“Just the facts, Ma’am. Just the facts.” Isn’t that what Sgt. Joe Friday would say on Dragnet? Actually, no. Sgt. Friday’s actual lines were "All we want are the facts, ma'am" and "All we know are the facts, ma'am".
The writer's mind is always working - always questioning,
always wondering. Last Saturday night, I sat down for some TV time and the movie Hysteria was on. I love that time frame, the actors in the movie, and
the subject. In my last book, I touch upon the diagnosis of hysteria that was
used to describe the feelings of women in the late 19th century. It’s
a topic that interests me, so I settled down to spend a few hours watching the
The beginning of the movie starts with “1880” at the bottom
of the screen. I’m enjoying the movie until Maggie Gyllenhaal’s character,
Charlotte, rides down the street on her bike. “Wait, a second”, that voice way
back in my head says. “That’s a safety bike, they weren't invented until
1885.” I know, the director was trying to show that the character of was a
strong, independent woman. The bicycle in the 1890s was a very instrumental in
the woman’s rights movement. In fact, Susan B. Anthony told the New York World’s Nellie
Bly in 1896 that bicycling had “done more to emancipate women than anything
else in the world.” But, the safety bike, though it is very cool, wasn’t invented until 1885.
The manuscript I just finished contains about 200 "things" about Chicago. Since it is for kids, I thoroughly researched every fact and
yelled at my computer when I found twisted information. For example, several
sources said that rainbow sherbet is a Chicago thing. The truth is "rainbow cone" is a Chicago thing, not rainbow sherbet.
In my description of the 1893 Chicago Columbian Exposition, I
wanted to show the many inventions from the fair. Many sources said that the 1893 Chicago
World’s Fair introduced the world to the Pledge of Allegiance, Cracker Jack,
the Ferris Wheel and Juicy Fruit Gum.
The Random House site for The Devil in the White City says: "The World’s
Fair introduced America to such classic favorites as Cracker Jack, Shredded
Wheat. and Juicy Fruit and was the birth of historically significant symbols
like Columbus Day, the Ferris Wheel, and the Pledge of Allegiance."
In actually, what Erik Larson wrote about Juicy Fruit was: “They sampled a
new, oddly flavored gum called Juicy Fruit and caramel-coated popcorn called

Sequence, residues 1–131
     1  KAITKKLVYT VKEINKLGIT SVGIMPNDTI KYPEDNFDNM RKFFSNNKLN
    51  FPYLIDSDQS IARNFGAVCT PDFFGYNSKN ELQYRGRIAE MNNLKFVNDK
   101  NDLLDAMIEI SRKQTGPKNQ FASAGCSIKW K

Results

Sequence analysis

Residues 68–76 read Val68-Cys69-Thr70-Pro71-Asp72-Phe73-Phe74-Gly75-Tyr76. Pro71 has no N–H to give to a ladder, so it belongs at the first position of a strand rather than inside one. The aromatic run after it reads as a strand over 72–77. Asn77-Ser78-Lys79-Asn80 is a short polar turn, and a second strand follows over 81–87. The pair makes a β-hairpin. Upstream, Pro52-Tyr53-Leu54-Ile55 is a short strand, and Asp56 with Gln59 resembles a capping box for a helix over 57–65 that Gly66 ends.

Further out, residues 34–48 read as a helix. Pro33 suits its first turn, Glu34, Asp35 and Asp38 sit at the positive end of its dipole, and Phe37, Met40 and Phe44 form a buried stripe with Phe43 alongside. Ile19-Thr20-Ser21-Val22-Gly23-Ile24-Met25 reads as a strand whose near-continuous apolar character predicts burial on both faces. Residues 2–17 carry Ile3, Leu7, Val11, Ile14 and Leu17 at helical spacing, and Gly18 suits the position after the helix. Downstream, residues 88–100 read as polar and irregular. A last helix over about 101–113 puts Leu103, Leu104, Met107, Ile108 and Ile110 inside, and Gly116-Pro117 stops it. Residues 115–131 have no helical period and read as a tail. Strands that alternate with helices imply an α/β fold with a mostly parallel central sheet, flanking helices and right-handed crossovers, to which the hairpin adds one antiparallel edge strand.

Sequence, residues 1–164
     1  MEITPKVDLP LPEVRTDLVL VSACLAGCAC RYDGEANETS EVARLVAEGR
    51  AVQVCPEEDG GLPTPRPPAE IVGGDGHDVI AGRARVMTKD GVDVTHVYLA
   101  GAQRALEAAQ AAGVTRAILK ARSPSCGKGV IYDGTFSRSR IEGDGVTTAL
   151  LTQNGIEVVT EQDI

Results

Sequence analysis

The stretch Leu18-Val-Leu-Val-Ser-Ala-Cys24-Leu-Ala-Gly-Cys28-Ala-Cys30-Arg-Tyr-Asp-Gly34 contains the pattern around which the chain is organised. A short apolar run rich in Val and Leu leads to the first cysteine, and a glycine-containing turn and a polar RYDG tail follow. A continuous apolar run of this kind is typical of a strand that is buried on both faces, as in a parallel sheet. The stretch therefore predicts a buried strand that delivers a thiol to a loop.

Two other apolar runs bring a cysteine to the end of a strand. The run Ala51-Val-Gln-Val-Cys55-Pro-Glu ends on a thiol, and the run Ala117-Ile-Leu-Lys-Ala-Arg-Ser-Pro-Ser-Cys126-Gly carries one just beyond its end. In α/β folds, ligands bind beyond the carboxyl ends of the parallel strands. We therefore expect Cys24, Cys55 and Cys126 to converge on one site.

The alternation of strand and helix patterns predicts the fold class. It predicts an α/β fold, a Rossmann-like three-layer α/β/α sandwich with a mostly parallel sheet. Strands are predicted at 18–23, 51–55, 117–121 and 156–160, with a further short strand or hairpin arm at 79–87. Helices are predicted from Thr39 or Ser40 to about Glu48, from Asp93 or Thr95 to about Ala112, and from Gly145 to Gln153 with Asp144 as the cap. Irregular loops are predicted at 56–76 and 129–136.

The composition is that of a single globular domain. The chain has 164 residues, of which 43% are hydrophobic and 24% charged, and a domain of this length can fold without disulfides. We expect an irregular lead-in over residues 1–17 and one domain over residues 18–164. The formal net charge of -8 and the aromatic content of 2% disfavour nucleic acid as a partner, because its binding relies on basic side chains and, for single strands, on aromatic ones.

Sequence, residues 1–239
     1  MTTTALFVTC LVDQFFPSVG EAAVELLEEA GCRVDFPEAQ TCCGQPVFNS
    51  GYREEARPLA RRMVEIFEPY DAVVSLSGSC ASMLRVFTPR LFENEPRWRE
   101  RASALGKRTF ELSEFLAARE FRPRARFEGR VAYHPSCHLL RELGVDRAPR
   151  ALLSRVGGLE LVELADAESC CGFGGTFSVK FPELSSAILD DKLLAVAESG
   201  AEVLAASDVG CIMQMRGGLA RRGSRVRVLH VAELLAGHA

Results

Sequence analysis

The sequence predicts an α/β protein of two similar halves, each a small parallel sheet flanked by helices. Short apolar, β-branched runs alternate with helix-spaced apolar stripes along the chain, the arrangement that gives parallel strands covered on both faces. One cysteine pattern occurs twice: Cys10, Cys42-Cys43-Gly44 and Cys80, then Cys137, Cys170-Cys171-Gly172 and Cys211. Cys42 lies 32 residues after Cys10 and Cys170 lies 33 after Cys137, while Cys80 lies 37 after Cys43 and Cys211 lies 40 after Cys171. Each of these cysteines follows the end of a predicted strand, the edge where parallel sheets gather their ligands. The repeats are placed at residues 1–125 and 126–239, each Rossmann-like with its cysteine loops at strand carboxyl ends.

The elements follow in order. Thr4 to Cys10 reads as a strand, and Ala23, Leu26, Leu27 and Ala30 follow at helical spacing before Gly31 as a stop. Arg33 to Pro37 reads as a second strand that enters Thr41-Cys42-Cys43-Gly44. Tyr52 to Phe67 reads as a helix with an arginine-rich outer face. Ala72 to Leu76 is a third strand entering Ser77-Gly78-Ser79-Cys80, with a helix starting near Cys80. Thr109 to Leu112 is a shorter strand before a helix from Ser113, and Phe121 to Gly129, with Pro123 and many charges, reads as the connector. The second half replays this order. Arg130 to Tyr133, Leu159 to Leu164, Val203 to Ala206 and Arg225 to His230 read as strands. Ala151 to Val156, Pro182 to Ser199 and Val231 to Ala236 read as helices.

Evidently, what Erik Larson writes is fact. Many sources now
state, crediting The Devil in the White City as the source, that the 1893 Chicago
World’s Fair introduced the world to Cracker Jack, the Ferris Wheel, and Juicy
Fruit. Cracker Jack was actually sold at the fair, the Ferris Wheel no one can
doubt was a hit at the fair, but Juicy Fruit was not officially at the fair.
Other products that receive second billing as introductions at the fair had
actual booths; Aunt Jemima Pancake Mix, Shredded Wheat, Pabst Blue Ribbon, and others. The Wrigley website reads:
"In 1893, during an economic
depression, he introduced two brands that would become company icons: Wrigley’s
Spearmint® and Juicy Fruit®."
Going straight to the source, I sent an email
to the Senior Vice President of Wrigley Corporate Affairs. We went back and
forth a few times but I didn’t get an official answer to my question:
"In time for the fair and the
millions visited. It would have been sold by salesmen and women to the crowds
attending may of whom visited Chicago for the first time. There will not have
been a Juicy Fruit pavilion I'm pretty sure it was launched in time for the
worlds fair rather than at it.”
"It was as I thought. It was
launched in Chicago in time for the World’s Fair but it wasn’t an official part
of the Fair.”
“The fair bought many people to
chicago so lots of footfall for the brand."
"But in 1893 Wrigley was a small
business and remain so for another 15 years or so.”
In the end, what I finally wrote as part of
the 1893 Chicago Columbian Exposition:
William Wrigley Jr. introduced Juicy Fruit gum. (And, people wonder why writing takes so long.)
I started this piece by quoting Sgt. Joe Friday, I thought
I’d end it by sharing a few fabulous fact quotes by some very wise folks.
“If the facts don't fit the theory, change the
“Facts are stubborn things, but statistics are
pliable." ~Mark Twain
“Facts are stubborn things; and whatever may be
our wishes, our inclinations, or the dictates of our passion, they cannot alter
the state of facts and evidence.” ~John Adams
“The truth is more important than the
facts.” ~Frank Lloyd Wright
“False facts are highly injurious to the
progress of science, for they often endure long; but false views, if supported
by some evidence, do little harm, for everyone takes a salutary pleasure in
proving their falseness; and when this is done, one path towards error is
closed and the road to truth is often at the same time opened.” ~Charles Darwin
"Never trust quotes you find on the internet." ~Abraham Lincoln